Skin-fold thickness is occasionally used to estimate body fat in clinical practice, but more precise measures (e.g., underwater weighing) are rarely employed. Clinicians most frequently use body weight or preferably the body mass index (weight (kg)/height (m) 2) to judge if a patient is “overweight”. Very muscular individuals may be moderately overweight and not obese. Others with small frames and low muscle mass may be obese without fulfilling criteria for overweight. Nevertheless, most seriously overweight patients are also obese. An obesity classification scheme based on body mass index is presented in Table 1.
Table 1. Obesity classification based on body mass index (kg/m2)
Pathogenesis. Obesity and overweight are largely genetically determined and are strongly conditioned by available palatable food and sedentariness. A child of two obese parents has about an 80 per cent chance of becoming obese, whereas the risk is only 15 per cent for the offspring of two normal-weight parents. Moreover, a correlation between parental and child body mass index is found across a broad spectrum of values, suggesting both polygenic inheritance of obesity and several contributing metabolic mechanisms. The precise causative mechanisms remain unknown.
Fat accounts for 25 to 40 per cent of the weight of middle-aged men and women (Table 2). Body fat cells vary from 10 to 200 µ in diameter or about 8000 fold in total volume. Their numbers may vary between 2 × 1010 and 16 × 1010. Fat cell size generally increases (hypertrophy) with increasing adiposity until the body fat content is about 30 kg. There is little increase in size as more body fat accumulates. Fat cell number, in contrast, increases in a linear fashion (hyperplasia) as total body fat increases from 10 to 90 kg.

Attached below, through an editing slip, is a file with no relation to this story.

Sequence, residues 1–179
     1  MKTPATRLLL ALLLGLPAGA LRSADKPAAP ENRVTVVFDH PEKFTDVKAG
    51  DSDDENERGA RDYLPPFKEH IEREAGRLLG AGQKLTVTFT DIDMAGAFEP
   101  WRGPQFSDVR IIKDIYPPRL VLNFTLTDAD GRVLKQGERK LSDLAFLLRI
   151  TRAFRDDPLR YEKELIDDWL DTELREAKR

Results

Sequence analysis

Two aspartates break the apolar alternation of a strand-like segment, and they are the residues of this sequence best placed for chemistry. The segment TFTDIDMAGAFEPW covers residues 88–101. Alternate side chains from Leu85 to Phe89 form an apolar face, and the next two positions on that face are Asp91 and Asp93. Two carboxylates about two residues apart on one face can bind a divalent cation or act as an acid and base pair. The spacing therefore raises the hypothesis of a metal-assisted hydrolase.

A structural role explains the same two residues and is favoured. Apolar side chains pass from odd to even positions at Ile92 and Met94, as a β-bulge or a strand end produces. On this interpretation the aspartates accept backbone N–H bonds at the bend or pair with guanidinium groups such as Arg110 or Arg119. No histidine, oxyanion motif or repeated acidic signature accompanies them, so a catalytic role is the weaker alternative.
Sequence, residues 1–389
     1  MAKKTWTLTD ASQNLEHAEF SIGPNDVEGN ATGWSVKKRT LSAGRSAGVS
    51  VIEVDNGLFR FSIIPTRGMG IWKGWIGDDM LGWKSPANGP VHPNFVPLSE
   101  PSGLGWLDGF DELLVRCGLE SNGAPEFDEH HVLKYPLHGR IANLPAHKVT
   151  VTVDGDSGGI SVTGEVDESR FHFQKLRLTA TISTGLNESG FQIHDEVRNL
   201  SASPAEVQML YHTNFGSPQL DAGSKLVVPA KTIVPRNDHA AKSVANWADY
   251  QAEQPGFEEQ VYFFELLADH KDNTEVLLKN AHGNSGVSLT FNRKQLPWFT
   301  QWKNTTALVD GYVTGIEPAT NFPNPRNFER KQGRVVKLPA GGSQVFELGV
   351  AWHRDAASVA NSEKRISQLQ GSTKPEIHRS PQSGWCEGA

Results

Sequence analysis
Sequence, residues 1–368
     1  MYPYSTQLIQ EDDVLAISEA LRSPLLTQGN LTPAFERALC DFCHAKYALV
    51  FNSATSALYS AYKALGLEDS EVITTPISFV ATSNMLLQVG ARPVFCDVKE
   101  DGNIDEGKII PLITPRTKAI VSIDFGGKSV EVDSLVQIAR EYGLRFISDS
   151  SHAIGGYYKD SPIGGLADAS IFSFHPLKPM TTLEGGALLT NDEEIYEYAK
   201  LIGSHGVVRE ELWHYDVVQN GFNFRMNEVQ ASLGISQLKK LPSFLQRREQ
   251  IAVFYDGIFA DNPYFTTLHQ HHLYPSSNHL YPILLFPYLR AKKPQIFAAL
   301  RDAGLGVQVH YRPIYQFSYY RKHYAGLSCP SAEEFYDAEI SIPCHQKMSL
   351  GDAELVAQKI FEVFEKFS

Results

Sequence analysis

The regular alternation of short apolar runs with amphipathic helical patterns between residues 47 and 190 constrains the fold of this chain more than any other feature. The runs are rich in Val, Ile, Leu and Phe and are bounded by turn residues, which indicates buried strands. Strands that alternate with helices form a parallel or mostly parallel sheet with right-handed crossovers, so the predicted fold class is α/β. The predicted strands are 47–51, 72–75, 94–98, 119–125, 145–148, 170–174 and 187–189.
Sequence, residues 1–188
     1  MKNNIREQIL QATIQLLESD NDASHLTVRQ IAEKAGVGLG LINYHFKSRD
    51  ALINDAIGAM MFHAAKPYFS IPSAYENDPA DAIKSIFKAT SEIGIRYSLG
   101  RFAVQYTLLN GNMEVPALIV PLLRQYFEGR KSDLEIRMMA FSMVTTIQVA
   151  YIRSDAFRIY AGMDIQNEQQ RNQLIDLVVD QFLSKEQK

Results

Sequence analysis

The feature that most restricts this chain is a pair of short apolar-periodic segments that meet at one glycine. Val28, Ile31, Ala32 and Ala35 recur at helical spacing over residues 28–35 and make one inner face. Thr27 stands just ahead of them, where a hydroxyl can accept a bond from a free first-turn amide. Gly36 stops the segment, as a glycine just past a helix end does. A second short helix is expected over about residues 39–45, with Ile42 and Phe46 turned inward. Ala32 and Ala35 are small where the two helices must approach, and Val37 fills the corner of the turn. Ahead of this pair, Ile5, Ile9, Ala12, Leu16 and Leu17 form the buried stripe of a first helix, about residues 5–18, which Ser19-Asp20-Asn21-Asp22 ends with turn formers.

A remarkable feature of adiposity is its constancy. Small increases in adiposity occur regularly with age (Table 2), but these are slight relative to the differences in adiposity among individuals. The extent of adiposity is therefore carefully and unconsciously regulated. Intentional overfeeding to increase weight is very difficult for experimental subjects and is followed by spontaneous caloric restriction until body weight returns to baseline.
Table 2. Variation of fat and lean body mass (LBM) with age.
How then does obesity occur?
Fat people do not generally eat more than lean people, and many eat less. Since mass and energy are conserved, it is clear that at some time in life the obese individual consumed more calories than he expended. This temporary imbalance between energy intake and expenditure could be due to several factors (Table 3) involving the central nervous system or the adipocyte itself. Reduced sympathetic activity manifested by lower plasma norepinephrine and epinephrine levels, reduced fat mobilization, or low thermogenesis could reduce energy mobilization and expenditure. Enhanced parasympathetic activity, typical of ventromedial hypothalamic lesions, may augment food consumption. And at least in theory, the brain may be insensitive to normal neural or humoral satiety signals.
Table 3. Possible cause of obesity
Fat cells with enhanced lipoprotein lipase activity may have a competitive advantage in assimilating lipoprotein triglycerides. This occurs in the syndrome of multiple symmetric lipomatosis. The adipocyte itself may also resist lipolytic stimuli from nerves or circulating catechol amines. Gluteal fat in both men and women, for example, has a lower lipolytic response to α-adrenergic stimulation than does abdominal fat. Some fat depots may resist mobilization even when the rest of the body is starving, as in women with steatopygia who have massive accumulation of gluteal and femoral fat.
Dr. Afsaneh Jeddi